Inside the Office of the House Veterans’ Affairs Committee majority staff: Mike Brinck

Title: Staff director, Economic Opportunity subcommittee.

Age: 66.

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Hometown: West Point, Iowa.

Education:  B.A., St. Ambrose College, Davenport, Iowa: graduate, Naval War College.

Last job: Program analyst for a small defense contractor.

Best thing about being staff director: Ability to influence legislation.

Management style: Collaborative

Top priorities in your current role: Jobs for veterans.

Most embarrassing moment on Capitol Hill: My current hairline, as compared to 1978. 

Interests outside of work:  Sailing.

Of all the places Mike Brinck’s previous career as a Navy helicopter pilot took him, Antarctica was his favorite.

He had three five-month deployments on Operation Deep Freeze, where he supported the National Science Foundation’s studies on the continent. He called it some of the best flying in the world.

“I’d go back tomorrow — if they’d let me fly,” says the staff director for the Veterans’ Affairs Committee’s Economic Opportunity subcommittee.

He was also on a gunship squadron in Vietnam and had three aircraft carrier-based deployments while in the Navy.

Once Brinck retired from the military in 1988, he knew that he wanted to pursue the family business — government. His father was a politician in Iowa, having been a school board member, city councilman, county commissioner, mayor and representative in the Iowa Legislature.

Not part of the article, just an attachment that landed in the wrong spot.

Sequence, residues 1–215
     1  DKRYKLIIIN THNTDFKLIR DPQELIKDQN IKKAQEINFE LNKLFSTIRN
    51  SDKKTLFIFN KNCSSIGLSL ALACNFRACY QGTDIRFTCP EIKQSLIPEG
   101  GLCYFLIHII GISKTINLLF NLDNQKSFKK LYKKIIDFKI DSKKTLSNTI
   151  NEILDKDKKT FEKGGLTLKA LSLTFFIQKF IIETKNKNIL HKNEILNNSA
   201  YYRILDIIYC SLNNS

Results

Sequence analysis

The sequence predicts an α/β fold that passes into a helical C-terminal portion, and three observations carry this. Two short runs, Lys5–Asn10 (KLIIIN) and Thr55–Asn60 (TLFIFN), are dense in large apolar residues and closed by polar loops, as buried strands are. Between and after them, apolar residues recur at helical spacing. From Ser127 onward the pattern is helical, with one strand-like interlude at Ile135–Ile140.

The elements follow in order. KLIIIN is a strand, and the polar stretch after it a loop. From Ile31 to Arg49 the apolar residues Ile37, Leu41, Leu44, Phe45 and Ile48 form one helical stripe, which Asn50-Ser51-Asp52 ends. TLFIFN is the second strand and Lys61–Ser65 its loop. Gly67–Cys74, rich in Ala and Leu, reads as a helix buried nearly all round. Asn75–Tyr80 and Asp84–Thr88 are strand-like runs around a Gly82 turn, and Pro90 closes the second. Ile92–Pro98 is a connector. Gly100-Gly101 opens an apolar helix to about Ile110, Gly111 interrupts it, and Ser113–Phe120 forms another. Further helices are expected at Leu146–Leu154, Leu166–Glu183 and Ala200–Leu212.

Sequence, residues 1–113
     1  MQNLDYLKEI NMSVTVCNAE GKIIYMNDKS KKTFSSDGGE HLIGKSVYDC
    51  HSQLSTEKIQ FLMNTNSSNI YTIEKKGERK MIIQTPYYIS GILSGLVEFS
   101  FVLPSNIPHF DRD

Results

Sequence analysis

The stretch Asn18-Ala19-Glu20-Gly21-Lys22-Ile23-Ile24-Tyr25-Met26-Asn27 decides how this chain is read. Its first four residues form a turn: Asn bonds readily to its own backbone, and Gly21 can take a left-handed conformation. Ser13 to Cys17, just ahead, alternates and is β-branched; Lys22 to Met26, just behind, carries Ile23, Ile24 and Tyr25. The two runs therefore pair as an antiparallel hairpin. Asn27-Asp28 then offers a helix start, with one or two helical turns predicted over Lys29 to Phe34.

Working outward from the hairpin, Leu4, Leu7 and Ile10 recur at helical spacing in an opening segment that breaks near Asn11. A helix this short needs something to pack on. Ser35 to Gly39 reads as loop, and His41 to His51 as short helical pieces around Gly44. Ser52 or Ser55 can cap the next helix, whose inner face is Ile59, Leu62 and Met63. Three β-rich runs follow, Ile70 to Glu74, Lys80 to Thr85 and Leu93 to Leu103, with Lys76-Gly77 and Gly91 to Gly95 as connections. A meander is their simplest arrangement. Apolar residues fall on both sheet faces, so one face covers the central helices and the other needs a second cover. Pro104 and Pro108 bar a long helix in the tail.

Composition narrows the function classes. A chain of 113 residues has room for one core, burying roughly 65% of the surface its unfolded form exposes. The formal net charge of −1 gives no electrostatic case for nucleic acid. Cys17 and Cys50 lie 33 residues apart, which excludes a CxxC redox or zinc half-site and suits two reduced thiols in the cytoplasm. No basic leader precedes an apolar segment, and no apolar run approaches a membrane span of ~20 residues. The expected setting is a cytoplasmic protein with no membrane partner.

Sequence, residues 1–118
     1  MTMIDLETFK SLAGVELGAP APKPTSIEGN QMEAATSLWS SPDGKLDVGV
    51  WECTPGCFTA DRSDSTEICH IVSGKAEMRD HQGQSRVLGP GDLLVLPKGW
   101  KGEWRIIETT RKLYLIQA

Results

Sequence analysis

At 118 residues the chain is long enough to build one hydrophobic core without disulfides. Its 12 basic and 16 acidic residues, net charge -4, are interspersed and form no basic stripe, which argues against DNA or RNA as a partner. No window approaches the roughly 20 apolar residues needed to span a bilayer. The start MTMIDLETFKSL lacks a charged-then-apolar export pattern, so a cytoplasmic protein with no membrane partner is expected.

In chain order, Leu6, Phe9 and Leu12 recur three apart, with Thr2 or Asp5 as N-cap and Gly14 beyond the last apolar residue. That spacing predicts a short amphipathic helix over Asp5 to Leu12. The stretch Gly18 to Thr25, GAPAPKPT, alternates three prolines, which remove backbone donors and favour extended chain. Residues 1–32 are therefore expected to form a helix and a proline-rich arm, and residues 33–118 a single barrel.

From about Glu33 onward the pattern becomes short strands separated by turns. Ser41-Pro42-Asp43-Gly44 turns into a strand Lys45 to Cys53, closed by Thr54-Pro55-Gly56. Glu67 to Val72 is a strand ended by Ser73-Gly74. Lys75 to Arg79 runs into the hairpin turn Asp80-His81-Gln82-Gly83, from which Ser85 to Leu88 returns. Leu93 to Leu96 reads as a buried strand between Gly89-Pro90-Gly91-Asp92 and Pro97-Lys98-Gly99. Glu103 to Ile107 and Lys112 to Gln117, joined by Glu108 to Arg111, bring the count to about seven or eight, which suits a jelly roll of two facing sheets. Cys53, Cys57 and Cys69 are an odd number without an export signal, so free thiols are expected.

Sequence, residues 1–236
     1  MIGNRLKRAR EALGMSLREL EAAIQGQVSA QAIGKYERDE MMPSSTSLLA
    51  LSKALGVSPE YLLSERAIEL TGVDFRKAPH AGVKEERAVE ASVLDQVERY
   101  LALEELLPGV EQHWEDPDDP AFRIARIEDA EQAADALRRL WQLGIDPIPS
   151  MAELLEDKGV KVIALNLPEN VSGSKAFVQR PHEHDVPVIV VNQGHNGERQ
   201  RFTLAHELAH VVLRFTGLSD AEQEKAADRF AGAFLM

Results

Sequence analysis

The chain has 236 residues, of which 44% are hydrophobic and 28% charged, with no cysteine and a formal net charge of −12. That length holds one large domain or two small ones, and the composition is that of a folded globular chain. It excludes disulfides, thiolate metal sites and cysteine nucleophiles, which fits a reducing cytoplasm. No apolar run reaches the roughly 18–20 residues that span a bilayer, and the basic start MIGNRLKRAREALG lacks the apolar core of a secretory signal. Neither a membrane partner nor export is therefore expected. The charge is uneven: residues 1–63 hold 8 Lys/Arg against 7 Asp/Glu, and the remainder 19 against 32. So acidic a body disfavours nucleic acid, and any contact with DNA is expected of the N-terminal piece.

The most logical step was for him to work in the defense industry, so he found jobs with various defense contractors until he landed a legislative-director position with AMVETS.

When Republicans won control of the House in 1994, Brinck landed a job with the committee.

“So I haven’t managed to progress at all” in the last 17 years, he jokes. In truth, he has taken a leadership role on the committee staff, and he did leave Capitol Hill once to return to the defense industry. But he returned in 2005 because he remains compelled by the committee’s mission.

“This is the best thing in the world in terms of Capitol Hill,” Brinck says. “If you believe in those who defend the nation and that they need to be assisted — not taken care of but assisted — for the rest of their lives, well, then that’s what we do. We’re helping the 1 percent that defend the 99 percent.”

Brinck says he would like to work a few more years before retiring, but he has already thought about what he hopes to do in his post-career years: some “do-gooder kind of stuff,” he says, like volunteering at charitable organizations.